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C[hurchill] C[aldom] Cambreleng to MVB, 1 January 1829

My dear Sir,

May you live a thousand years and always have a thousand sheep, a thousand acres of Oswego land, a thousand sweethearts, and not a solitary applicant for office. Here c[om]es another and yet another. I'll never vote to put a friend of mine in that office again. Do[c]tr Townsend's letter explains it’self. I gave him a letter of introduction, but I wrote him I had previously applied to you in behalf of two friends and therefore could not with propriety urge his claims. La Belle Hortense thinks she would like to live in the palace again. She is much improved. They live in a beautiful spot and quite comfortably. She will be here in February. Poor Eaton is to be married tonight to Mrs. T.! There is a vulgar saying of sam some vulgar man, I believe Swift, on such unions, about using a certain household . . . . . . . . and ^then^ putting it on one's head. This last sentence prevents me from subscribing my name to this. I have no more time. Your <Excellencies> forever <&>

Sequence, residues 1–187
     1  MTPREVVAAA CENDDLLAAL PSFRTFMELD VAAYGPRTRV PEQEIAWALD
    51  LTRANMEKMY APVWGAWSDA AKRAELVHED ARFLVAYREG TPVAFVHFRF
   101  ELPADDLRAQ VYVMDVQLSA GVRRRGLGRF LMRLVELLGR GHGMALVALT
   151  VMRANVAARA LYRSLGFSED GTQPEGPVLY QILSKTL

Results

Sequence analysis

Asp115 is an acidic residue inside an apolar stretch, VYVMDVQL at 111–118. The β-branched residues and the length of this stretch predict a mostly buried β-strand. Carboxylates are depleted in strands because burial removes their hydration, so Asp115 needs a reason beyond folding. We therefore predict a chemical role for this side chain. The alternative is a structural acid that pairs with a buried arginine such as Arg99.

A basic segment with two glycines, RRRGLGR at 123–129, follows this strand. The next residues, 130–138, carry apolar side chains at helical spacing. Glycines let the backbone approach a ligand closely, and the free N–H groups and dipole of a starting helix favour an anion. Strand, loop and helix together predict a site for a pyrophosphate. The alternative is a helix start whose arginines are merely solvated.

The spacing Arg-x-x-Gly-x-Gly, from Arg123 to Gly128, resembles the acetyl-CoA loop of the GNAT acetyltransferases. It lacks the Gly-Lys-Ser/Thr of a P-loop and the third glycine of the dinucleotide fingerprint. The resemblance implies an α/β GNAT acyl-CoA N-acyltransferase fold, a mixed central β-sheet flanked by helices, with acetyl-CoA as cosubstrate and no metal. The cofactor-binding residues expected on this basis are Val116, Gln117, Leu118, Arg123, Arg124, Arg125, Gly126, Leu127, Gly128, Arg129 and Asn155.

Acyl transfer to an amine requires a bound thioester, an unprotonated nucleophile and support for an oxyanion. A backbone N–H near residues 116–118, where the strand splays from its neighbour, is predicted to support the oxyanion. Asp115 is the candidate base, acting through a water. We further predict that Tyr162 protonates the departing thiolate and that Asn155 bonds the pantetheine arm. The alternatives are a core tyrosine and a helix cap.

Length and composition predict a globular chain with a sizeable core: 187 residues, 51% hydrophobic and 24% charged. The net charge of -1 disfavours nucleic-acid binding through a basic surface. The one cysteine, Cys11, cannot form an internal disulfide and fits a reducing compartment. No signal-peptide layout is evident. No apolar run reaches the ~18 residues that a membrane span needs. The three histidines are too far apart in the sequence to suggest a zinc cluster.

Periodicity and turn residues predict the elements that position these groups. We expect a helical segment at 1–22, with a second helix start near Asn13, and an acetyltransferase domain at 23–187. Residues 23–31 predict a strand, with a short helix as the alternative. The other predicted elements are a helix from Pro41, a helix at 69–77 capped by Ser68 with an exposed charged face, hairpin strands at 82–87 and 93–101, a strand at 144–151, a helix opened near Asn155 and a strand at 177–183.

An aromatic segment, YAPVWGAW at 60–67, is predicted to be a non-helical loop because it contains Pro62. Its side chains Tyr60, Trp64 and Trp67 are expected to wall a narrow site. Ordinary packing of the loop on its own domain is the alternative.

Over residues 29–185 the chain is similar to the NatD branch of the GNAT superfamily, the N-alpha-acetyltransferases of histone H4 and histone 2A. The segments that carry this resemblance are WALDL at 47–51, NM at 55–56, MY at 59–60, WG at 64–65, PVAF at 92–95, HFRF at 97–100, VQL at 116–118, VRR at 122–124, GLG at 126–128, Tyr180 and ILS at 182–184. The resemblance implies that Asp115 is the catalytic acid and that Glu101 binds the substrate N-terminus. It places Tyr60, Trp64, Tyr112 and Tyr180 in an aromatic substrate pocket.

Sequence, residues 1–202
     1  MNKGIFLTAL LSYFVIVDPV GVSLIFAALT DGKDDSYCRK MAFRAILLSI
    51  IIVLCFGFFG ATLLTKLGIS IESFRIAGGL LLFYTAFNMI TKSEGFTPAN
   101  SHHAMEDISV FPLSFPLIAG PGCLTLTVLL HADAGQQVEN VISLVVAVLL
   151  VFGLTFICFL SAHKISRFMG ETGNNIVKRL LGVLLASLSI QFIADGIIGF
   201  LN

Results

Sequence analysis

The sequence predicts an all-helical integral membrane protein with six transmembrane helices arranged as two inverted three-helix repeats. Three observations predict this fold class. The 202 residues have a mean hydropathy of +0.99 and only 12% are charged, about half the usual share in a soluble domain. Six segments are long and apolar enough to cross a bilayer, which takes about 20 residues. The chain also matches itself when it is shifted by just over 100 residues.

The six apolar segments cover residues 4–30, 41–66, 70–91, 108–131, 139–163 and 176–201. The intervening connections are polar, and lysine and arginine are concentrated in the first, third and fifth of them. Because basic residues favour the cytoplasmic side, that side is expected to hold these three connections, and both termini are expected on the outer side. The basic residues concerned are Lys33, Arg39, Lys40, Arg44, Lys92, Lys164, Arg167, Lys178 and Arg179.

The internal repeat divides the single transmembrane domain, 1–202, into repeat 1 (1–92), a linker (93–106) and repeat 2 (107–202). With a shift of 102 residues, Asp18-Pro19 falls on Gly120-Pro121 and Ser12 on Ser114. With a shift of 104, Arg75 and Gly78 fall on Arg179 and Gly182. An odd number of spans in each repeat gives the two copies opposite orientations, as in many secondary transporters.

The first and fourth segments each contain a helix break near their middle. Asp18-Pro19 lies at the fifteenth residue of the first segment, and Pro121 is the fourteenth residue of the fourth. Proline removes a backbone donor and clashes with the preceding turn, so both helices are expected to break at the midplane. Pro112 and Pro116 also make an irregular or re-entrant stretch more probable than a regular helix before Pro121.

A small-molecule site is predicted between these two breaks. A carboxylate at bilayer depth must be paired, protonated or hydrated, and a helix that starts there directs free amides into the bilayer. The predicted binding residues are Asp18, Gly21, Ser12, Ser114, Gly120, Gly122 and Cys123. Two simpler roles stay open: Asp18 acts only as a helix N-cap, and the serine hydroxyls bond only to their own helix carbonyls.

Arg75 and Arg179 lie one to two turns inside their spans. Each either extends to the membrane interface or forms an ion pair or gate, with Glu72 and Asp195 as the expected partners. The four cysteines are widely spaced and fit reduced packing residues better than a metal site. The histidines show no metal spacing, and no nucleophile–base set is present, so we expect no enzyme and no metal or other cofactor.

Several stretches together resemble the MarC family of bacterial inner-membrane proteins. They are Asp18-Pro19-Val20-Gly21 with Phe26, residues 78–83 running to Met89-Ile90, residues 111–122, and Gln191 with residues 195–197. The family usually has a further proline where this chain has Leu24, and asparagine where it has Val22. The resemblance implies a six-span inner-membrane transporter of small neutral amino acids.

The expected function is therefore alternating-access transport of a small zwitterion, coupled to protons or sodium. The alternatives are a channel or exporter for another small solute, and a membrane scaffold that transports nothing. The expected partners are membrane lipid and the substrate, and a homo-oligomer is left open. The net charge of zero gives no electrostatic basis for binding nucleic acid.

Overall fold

Source: DLC Library of Congress
Collection: MVB Papers (DLC)
Series: Series 5 (1 January 1825-3 March 1829)